The African National Congress planned to consult widely when drawing up its manifesto for next year’s elections, ANC deputy president Kgalema Motlanthe said on Wednesday.

“Consistent with our tradition of inclusivity and participation, the ANC will consult with a range of sectors and interest groups in formulating its election manifesto,” Motlanthe said at the Afrikaanse Handelsinstituut’s congress at Sun City.

He told delegates the party accepted there might be areas of “deep concern” among various sections of society — some which were “problems of perception” and other which were “genuine”.

“We should not sweep such matters under the carpet. We need to engage in meaningful discussion on all matters of concern or interest.”

He said the party understood concerns about the impact of politics on the business community and believed that through the Progressive Business Forum (PBF), which was established in January 2006, the party and the business sector could talk. He paid tribute to the AHI, for moving into the future “unencumbered by the baggage of the past”.

Last weekend the party hosted a summit of sectoral and civil society organisations under the umbrella of the mass democratic movement to mobilise South Africans for social and economic transformation.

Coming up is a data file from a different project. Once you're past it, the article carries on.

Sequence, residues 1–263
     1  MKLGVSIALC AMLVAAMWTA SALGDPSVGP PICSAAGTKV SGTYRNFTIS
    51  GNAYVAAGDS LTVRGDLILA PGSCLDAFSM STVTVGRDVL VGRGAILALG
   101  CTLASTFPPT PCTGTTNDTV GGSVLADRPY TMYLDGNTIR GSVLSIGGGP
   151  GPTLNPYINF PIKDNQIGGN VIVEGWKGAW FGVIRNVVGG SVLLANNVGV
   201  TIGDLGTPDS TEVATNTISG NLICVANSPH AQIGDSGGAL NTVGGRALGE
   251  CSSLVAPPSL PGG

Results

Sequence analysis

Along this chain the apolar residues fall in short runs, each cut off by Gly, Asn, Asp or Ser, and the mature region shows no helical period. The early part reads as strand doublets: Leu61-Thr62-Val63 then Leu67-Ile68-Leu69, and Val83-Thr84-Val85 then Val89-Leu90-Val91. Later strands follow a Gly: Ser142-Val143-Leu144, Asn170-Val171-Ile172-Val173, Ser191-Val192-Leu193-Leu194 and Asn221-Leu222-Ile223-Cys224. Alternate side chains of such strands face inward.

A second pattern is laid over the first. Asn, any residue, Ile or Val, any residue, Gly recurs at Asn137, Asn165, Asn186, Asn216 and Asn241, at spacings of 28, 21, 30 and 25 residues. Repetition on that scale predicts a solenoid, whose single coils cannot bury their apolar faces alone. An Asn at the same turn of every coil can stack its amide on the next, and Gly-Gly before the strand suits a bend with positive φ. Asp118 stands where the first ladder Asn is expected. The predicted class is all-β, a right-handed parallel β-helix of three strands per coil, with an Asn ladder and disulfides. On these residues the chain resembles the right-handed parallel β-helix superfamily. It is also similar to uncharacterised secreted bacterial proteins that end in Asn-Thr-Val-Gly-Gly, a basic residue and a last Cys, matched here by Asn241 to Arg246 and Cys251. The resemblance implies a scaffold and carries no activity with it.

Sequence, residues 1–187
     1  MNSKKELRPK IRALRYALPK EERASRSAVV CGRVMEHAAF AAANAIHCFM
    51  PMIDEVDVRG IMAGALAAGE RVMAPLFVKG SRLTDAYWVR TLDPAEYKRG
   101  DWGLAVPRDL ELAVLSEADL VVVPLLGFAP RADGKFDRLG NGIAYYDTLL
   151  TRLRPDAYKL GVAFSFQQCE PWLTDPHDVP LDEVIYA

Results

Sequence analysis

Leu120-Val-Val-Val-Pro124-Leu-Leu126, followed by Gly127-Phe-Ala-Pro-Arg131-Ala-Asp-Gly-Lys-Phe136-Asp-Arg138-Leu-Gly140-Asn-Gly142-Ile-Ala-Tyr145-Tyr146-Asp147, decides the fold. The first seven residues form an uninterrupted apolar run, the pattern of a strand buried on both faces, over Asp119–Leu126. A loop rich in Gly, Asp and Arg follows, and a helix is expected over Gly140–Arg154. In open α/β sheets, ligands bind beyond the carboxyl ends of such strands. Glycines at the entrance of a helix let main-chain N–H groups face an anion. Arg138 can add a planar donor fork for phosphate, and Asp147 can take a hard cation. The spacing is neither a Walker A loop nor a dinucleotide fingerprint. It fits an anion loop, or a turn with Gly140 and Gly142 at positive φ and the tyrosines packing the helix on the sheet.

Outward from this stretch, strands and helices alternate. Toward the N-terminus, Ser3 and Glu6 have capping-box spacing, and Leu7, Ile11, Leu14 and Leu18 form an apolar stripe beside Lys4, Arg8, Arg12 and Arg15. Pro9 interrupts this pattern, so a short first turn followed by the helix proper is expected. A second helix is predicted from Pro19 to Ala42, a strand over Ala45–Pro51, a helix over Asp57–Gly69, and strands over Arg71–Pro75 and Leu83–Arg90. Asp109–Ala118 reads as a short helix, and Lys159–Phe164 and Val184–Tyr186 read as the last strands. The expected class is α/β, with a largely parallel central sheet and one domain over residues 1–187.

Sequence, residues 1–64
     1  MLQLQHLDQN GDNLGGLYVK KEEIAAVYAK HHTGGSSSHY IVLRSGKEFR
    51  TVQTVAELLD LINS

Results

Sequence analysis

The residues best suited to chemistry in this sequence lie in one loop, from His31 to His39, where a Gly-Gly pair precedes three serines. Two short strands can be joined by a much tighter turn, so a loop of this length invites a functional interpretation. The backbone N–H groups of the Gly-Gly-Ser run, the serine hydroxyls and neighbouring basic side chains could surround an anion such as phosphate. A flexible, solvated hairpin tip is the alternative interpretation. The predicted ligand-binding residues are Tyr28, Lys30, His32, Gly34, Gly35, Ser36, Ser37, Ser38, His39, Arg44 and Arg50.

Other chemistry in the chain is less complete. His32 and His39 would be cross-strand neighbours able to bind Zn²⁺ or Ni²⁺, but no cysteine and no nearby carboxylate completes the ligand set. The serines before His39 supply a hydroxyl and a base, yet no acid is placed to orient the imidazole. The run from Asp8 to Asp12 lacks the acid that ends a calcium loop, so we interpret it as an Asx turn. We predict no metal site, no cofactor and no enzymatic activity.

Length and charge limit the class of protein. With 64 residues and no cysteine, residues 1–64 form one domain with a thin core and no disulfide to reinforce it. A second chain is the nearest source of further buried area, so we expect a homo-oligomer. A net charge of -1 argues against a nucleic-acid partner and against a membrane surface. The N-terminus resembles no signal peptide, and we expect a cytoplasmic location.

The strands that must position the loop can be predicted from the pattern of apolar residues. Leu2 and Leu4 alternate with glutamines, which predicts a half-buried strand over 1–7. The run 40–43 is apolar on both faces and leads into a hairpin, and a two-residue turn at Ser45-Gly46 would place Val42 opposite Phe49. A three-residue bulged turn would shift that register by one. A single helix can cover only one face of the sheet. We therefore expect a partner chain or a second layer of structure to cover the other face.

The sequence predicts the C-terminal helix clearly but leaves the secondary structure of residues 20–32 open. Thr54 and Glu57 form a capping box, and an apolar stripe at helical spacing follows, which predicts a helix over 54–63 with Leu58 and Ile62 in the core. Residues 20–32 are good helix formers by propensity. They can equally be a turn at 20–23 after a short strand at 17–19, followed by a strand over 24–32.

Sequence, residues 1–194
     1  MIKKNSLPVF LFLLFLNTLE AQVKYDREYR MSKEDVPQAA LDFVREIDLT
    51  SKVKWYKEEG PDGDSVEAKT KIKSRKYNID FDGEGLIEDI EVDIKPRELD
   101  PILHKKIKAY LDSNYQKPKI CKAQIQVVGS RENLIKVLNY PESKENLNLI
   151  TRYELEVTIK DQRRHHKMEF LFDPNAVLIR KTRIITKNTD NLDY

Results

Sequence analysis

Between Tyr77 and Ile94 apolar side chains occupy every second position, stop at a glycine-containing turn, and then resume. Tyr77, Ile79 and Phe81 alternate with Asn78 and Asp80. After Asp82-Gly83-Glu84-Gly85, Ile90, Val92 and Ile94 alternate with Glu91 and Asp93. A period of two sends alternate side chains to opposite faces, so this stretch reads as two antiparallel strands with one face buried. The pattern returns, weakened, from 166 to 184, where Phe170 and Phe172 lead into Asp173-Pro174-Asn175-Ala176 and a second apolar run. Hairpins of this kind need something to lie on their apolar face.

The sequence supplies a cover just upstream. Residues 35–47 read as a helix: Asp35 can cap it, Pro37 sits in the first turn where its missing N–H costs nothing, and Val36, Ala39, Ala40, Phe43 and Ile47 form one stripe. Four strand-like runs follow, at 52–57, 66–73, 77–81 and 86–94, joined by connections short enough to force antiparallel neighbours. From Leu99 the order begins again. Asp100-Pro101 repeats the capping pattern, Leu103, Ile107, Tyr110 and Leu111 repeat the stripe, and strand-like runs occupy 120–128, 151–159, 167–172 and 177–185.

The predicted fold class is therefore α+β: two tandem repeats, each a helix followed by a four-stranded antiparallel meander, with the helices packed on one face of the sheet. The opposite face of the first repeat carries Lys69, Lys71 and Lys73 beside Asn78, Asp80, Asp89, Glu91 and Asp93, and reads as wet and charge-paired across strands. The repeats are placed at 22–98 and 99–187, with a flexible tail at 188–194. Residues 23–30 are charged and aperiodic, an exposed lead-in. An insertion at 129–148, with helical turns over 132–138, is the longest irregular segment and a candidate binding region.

It is seeking to develop a common platform to reach its goals of poverty alleviation and improved health care and education. Participants in this did not have to owe their allegiance to the ANC, he said.

He said the ANC’s policy decisions may confuse an outsider, but explained that it took about 18 months of consultation to formulate and could not be dictated by a single person.

“To those who may be unfamiliar with these processes, the conference in Polokwane may have been unnerving. But to others it was simply an example of the vigorous and vibrant practice of democracy within the ANC.

“And no matter how heated the contest may have seemed in the run-up to Polokwane, once the membership had made their decisions, all within the movement accepted those decisions.” Mothlante said.